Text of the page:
Here’s some positive news from or about people who can help point us in the right direction. First there was the big news that Paul Volcker will finally take a key role in addressing economic reform, particularly with the reinstatement of some of the key features from the Glass-Steagall Act. Joseph Stiglitz touches upon that need as well as other issues in an extract from his new book, Freefall; Free Markets and the Sinking of the Global Economy in a piece entitled “Why we have to change capitalism”

We now know the true source of recent bank bonuses: “free money” profits: According to Stiglitz, “the alacrity with which all the major investment banks decided to become ‘commercial banks’ in the fall of 2008 was alarming – they saw the gifts coming from the federal government, and evidently, they believed that their risk-taking behaviour would not be much circumscribed. They now had access to the Fed window, so they could borrow at almost a zero interest rate; they knew that they were protected by a new safety net; but they could continue their high-stakes trading unabated. This should be viewed as totally unacceptable.” Also, Stiglitz puts the bailouts in the context of the bigger picture: “the failures in our financial system are emblematic of broader failures in our economic system, and the failures of our economic system reflect deeper problems in our society. We began the bailouts without a clear sense of what kind of financial system we wanted at the end, and the result has been shaped by the same political forces that got us into the mess. And yet, there was hope that change was possible. Not only possible, but necessary.” As a consequence he argues for “a new financial system that will do what human beings need a financial system to do.”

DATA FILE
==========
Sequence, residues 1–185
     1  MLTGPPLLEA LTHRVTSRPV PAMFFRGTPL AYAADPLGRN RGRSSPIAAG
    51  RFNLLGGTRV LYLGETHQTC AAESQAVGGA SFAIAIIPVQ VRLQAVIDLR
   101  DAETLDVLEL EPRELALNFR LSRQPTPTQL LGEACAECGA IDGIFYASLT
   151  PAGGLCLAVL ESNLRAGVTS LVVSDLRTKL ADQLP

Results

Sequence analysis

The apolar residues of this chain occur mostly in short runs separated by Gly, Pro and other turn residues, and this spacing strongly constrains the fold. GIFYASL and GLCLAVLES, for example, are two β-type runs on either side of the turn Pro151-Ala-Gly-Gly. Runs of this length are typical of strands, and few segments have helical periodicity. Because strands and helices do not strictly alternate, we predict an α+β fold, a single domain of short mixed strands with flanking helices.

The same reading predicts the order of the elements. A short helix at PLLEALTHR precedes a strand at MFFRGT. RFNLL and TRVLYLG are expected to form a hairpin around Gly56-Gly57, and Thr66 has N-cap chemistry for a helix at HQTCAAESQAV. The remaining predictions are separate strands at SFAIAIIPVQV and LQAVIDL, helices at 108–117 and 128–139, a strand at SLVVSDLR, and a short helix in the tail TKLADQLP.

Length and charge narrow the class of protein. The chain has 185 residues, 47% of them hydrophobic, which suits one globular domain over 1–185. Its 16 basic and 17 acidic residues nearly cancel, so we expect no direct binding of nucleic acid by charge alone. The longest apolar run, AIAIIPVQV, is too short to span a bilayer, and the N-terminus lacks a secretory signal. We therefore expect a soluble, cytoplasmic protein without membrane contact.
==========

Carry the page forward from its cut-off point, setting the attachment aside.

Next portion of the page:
Meanwhile, the Financial Times carried an excellent piece on Paul Volcker now that he is again front-and-center, Man in the News: Paul Volcker. For too long now Volcker inexplicably had been pushed off the center stage. Last March, as the market was in complete free fall, my tongue-in-cheek piece about “the new era of the 177K” asked, “Where is Paul Volcker to lead the way back to the 401K?”. Per the Financial Times: “this week the towering former Fed chief stood by Barack Obama’s side as the president embraced what he dubbed the “Volcker rule” banning proprietary trading – over the reservations of some of his most senior economic advisers.”
Then, John Hussman, the economist who runs his own mutual funds, and each Monday blogs about his views, published, today, a lengthy, carefully reasoned Blueprint for Financial Reform.
This is an extraordinarily detailed eight point plan/proposal and rather than giving the bullet points here, go to the link. It deserves careful consideration by our elected officials. Needless to say, he sides with Volcker. Hussman for Chairman of the Federal Reserve or bring back Volcker?
I've argued that in addition to financial reform, the main economic focus must be job creation: “a true recovery requires jobs, jobs, jobs – and how are they going to be created – by banks trading energy futures? What happened to the commitment to the infrastructure? Our roads, utilities, and public transportation are falling apart. Alternative energy seems DOA. Aren’t these the areas our financial recourses should be focused on, ones that will create jobs, in construction, technology, and finance, and can lead a true economic recovery we can pass on with pride to future generations?”

Green shoots first, then…..


Thursday, January 21, 2010

Obama’s First Year

Yesterday’s Palm Beach Post carried an outstanding editorial, putting Obama’s first year into perspective, and I sent a letter to the editor yesterday as well. The timing of each was particularly apt as the editorial appeared the day after Brown’s victory in Massachusetts, a clear wake up call, and my letter pointed out the need to listen more to Paul Volcker if we are going to achieve some real financial reforms and, eureka, today I learned that Obama is going to finally back some of Volcker’s ideas. At long last!

The Post editorial, A clear-eyed look at Obama's first year in office makes many excellent points:
* [He faced] not just an economy on the verge of the deepest recession in 70 years but unrealistically high expectations

* [Although he has had varying degrees of success,] he has stuck to the agenda he touted as a candidate